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OLAF, STRAWBERRY SHORTCAKE, Raggedy Ann, Laura Ingalls Wilder, police officers, firefighters and more—all paraded down Faribault’s Central Avenue at noon Saturday for the Fall Festival Costume Parade.

 

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It’s an annual event that not only celebrates the season, but also gives kids a chance to dress up, pretend and, well, act like kids.

 

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I watched as parents dressed kids street-side,

 

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as families walked toward the beginning of the parade route

 

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and then later followed the route.

 

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I delighted in the uninhibited enthusiasm,

 

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in the clasped hands,

 

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in the hesitant waves,

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and in the exuberant smiles.

 

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I appreciated the dog striped as a skunk,

 

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the colorful and playful witch kicking her legs

 

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and even the preschool princess trailing, unable to pedal her trike fast enough.

 

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For awhile, those of us gathered in downtown Faribault focused on the scene before us. Joyful. Happy. Fun. A time of togetherness that is the stuff of October memories in Minnesota.

BONUS PHOTOS:

 

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TELL ME: What’s your favorite Halloween costume memory?

 

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© Copyright 2016 Audrey Kletscher Helbling

 

Faribault’s Memorial Day parade, a photo essay May 30, 2016

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Parade, 11 Color Guard

 

IT’S A TIME-HONORED tradition in Faribault—the 10 a.m. Memorial Day parade.

 

Parade, 6 big dogs

 

First, parade watchers come bearing lawn chairs and blankets to claim curbside spots along Central Avenue.

 

Parade, 12 flag bearer

 

To the south, down by the library/community center, parade participants are lining up, law enforcement vehicles at the head followed by the Color Guard and then the honored veterans. Marching bands slot in next.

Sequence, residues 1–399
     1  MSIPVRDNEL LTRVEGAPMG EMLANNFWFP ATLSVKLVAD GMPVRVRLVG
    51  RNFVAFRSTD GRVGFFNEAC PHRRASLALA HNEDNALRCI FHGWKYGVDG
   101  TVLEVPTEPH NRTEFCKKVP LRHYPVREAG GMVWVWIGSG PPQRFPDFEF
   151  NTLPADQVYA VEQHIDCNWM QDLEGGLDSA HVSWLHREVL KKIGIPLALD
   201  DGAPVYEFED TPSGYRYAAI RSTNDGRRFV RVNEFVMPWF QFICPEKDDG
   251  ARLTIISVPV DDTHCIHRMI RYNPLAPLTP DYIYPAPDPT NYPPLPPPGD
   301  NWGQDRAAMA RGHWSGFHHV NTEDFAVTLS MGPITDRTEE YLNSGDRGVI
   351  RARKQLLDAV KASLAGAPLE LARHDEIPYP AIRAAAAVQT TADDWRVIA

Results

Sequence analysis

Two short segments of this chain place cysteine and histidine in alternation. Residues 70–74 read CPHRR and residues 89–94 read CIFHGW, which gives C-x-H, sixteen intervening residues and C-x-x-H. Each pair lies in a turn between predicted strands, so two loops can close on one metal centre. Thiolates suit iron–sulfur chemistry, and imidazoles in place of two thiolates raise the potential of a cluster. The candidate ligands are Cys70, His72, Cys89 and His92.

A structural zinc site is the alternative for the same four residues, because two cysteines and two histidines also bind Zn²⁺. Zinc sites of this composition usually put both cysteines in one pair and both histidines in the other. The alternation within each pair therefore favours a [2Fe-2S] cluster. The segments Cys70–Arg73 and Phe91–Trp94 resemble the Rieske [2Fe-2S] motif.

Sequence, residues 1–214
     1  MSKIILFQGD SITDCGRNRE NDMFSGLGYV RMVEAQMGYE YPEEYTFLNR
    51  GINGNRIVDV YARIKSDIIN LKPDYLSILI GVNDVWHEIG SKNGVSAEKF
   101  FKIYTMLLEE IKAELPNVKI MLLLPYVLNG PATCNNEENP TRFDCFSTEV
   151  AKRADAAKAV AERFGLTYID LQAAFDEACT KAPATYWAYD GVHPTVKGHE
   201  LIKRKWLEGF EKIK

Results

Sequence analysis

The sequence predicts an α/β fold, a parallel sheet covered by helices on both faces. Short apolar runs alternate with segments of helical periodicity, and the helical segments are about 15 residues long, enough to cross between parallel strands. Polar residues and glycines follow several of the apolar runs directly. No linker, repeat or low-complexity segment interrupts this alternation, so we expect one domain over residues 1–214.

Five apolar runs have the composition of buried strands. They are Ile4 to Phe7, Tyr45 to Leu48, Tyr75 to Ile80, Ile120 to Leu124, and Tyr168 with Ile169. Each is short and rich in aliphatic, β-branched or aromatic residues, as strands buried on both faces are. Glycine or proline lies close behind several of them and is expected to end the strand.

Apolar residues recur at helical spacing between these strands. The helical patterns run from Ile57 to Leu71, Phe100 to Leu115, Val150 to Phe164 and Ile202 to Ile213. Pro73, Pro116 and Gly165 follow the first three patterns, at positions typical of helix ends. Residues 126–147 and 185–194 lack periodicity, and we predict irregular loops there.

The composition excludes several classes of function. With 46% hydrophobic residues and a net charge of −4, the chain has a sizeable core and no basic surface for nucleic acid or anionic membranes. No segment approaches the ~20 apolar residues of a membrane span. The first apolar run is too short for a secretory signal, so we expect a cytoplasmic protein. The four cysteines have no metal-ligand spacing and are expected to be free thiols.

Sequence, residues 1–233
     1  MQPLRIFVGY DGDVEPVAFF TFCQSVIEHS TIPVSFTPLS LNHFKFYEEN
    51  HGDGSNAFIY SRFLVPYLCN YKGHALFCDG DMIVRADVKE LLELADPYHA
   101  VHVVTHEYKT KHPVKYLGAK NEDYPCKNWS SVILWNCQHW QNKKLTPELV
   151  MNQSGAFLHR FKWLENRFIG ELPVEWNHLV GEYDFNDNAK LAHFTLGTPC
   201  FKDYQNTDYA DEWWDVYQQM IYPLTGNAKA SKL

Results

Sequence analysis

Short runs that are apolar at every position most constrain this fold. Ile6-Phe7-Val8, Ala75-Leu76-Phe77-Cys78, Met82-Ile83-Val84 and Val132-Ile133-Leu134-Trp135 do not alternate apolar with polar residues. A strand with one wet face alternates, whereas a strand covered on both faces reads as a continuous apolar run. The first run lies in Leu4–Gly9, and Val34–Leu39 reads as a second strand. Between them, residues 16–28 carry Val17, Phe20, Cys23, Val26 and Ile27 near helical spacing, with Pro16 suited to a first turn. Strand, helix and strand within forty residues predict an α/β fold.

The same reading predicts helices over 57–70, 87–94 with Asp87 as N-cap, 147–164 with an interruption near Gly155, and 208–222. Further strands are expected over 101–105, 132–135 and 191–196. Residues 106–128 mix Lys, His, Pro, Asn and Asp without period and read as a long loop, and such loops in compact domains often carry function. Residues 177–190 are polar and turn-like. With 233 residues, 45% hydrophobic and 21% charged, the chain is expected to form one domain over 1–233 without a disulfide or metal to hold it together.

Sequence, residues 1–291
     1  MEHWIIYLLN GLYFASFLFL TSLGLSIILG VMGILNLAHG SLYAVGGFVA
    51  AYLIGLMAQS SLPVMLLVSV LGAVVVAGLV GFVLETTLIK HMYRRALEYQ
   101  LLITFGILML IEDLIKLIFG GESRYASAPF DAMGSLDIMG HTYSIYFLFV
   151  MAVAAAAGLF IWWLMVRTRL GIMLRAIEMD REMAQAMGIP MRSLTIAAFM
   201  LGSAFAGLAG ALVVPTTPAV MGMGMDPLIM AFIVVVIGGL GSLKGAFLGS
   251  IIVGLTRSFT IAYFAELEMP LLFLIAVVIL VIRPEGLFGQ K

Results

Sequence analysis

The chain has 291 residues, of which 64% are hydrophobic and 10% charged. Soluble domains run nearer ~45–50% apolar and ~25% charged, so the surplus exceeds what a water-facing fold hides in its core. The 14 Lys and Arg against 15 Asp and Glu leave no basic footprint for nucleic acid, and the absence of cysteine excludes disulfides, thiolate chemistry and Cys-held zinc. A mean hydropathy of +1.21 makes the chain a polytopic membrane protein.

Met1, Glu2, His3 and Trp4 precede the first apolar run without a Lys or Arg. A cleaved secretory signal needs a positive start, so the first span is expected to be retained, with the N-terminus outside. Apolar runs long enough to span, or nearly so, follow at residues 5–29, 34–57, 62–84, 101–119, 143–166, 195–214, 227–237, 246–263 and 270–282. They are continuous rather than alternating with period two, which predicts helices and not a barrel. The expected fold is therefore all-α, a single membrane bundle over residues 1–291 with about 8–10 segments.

Parade, 34 little boy with flag

 

It’s all so predictable. Every year. The same line-up, although occasionally the faces of politicians change.

 

Parade, 28 Scout carrying flag

 

Parade, 32 Scout handing out flags

 

Parade, 29 Scout close-up

 

Parade, 38 Girl Scouts

 

Parade, 39 Girl Scouts with flags close-up

 

But I love it. The Scouts, girls and boys, handing out flags.

 

Parade, 45 old blue pick-up truck

 

Kids scrambling for tossed Tootsie Rolls. Kids dressed in patriotic attire. Kids here with grandparents, making this a multi-generational tradition.

 

Parade, 41 old green car

 

Old cars and trucks.

 

Parade, 51 horses

 

And finally, at the end, the horses.

 

Parade, 56 patriotic horses

 

In 15 minutes, the parade is complete. Short. Sweet. Americana lovely in the sort of way that makes me appreciate Faribault, this place I call home in the land of the free and the home of the brave.

FYI: Check back for more photos from Memorial Day in Faribault and at the Cannon City Cemetery.

© Copyright 2016 Audrey Kletscher Helbling

 

A photo essay: Celebrating Memorial Day in Faribault May 25, 2015

The Color Guard always leads the parade.

The parade begins with the Rice County Central Veterans Association Honor Guard/Color Guard leading the way.

FOR THE THIRTY-THREE YEARS I’ve lived in Faribault, I’ve rarely missed a Memorial Day parade and the program that follows in Central Park.

Little Ivan arrives for the parade in a car pushed by his dad, Jake.

Little Ivan arrives for the parade in a car pushed by his dad, Jake.

It’s a time-honored tradition of music and marches, salutes and speeches, flags and families.

Saluting the flag.

Saluting the flag at the ceremony in Central Park.

I’m proud to live in a community where patriotism and service to country and respect for the American flag and all it means runs strong from generation to generation.

From kids to adults, many are dressed in a patriotic red, white and blue.

From kids to adults, many are dressed in a patriotic red, white and blue.

Honorary Grand Marshall, Adrian Gillen, rides in the parade alongside his wife, Jean. The couple both served their country and were duo grand marshalls.

Grand Marshal, Adrian Gillen, rides in the parade alongside his wife, Jean. The couple both served their country and were duo grand marshals.